Combined femoral and sciatic nerve block versus femoral and local infiltration anesthesia for pain control after total knee arthroplasty: a meta-analysis of randomized controlled trials

Jian Li, Xinlian Deng, Tao Jiang
Journal of Orthopaedic Surgery and Research 2016 December 7, 11 (1): 158

BACKGROUND: The purpose of this systematic review and meta-analysis of randomized controlled trials (RCTs) was to evaluate the effect of combined femoral and sciatic nerve block (SNB) versus femoral and local infiltration anesthesia (LIA) after total knee arthroplasty (TKA).

METHODS: The electronic databases PubMed, Embase, Cochrane Library, and Web of Science were searched from their inception to 15 June 2016. Articles comparing combined femoral and SNB versus femoral and LIA for pain control were eligible for this meta-analysis. This systematic review and meta-analysis was performed according to the PRISMA statement criteria. The primary endpoint was the visual analogue scale (VAS) score with rest at 12, 24, and 48 h, which represents the pain control after TKA. Data regarding active knee flexion, length of hospital stay, anesthesia time, and morphine use at 24 and 48 h were also compiled. The complications of postoperative nausea and vomiting (PONV) and fall were also noted to assess the safety of morphine-sparing effects. After testing for publication bias and heterogeneity across studies, the data were aggregated for random-effects modeling when necessary.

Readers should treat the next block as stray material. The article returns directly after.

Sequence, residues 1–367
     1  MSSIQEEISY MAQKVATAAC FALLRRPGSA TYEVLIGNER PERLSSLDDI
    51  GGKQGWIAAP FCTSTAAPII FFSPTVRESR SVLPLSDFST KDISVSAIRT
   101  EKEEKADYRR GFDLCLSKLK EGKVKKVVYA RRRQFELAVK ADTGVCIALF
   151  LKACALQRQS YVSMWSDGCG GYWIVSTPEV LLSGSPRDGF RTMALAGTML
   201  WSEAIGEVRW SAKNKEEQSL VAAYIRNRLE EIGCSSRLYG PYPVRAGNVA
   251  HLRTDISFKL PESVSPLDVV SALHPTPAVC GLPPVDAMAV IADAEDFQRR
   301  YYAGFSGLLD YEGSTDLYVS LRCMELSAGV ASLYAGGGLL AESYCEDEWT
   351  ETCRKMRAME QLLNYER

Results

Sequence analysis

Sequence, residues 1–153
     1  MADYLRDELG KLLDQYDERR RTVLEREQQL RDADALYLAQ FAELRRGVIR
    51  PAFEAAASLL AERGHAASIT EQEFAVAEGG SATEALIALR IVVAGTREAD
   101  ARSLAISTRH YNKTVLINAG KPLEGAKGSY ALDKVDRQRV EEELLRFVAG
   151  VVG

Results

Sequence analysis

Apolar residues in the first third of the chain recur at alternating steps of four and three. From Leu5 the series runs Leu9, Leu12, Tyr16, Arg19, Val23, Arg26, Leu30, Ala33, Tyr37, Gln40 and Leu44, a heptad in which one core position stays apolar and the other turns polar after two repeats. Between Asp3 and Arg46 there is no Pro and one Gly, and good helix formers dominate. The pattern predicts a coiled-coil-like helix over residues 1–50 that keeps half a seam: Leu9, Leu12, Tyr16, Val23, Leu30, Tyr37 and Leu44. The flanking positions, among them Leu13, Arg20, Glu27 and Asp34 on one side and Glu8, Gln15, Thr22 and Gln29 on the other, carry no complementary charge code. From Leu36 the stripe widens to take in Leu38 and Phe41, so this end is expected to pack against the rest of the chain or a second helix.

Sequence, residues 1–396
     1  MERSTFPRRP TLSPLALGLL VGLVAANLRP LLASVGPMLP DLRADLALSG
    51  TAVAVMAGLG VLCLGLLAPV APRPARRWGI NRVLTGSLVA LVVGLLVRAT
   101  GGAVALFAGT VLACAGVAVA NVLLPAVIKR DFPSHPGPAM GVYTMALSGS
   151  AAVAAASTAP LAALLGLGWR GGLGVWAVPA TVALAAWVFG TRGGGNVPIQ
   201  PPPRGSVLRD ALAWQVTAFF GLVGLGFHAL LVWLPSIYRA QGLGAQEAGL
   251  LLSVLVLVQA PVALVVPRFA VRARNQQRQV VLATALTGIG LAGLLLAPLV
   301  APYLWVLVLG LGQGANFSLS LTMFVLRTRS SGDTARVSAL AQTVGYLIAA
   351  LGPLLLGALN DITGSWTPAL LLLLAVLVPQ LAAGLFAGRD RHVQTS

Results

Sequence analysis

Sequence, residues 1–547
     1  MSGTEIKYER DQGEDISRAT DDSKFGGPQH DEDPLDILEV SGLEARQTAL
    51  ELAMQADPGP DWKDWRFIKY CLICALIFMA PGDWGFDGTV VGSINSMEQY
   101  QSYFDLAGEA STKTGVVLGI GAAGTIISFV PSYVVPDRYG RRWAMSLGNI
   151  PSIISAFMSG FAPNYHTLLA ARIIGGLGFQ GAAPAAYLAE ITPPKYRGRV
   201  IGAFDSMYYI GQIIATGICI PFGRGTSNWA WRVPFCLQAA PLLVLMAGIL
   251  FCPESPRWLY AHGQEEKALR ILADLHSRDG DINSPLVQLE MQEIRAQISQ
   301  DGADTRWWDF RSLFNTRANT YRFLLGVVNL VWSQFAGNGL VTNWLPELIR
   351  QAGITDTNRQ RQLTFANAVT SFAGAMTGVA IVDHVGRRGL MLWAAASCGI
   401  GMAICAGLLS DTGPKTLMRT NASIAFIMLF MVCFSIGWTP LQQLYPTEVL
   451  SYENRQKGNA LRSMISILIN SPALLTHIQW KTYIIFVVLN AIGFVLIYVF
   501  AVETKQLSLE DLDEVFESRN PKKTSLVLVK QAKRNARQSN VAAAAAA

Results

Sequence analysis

RESULTS: Seven clinical trials with 615 patients were included in the meta-analysis. The pooled results indicated that SNB was associated with a lower VAS score at 12 h (MD = -6.96; 95% CI -8.36 to -5.56; P < 0.001) and 48 h (MD = -2.41; 95% CI -3.90 to -0.91; P < 0.001) after TKA. There was no significant difference between the SNB group and the LIA group in terms of the VAS score at 24 h (MD = 0.67; 95% CI -0.31 to 1.66; P = 0.182). The anesthesia time in the LIA group was shorter than in the SNB group, and the difference was statistically significant (MD = 4.31, 95% CI 1.34 to 7.28, P = 0.004). There were no significant differences between the groups in terms of active knee flexion, length of hospital stay, morphine use, PONV, and the occurrence of falls.

CONCLUSIONS: SNB may provide earlier anesthesia effects than LIA when combined femoral nerve block (FNB); however, there were no differences in morphine use, active knee flexion, and PONV between the groups. The LIA group spent less time under anesthesia, suggesting that LIA may offer a practical and potentially safer alternative to SNB.


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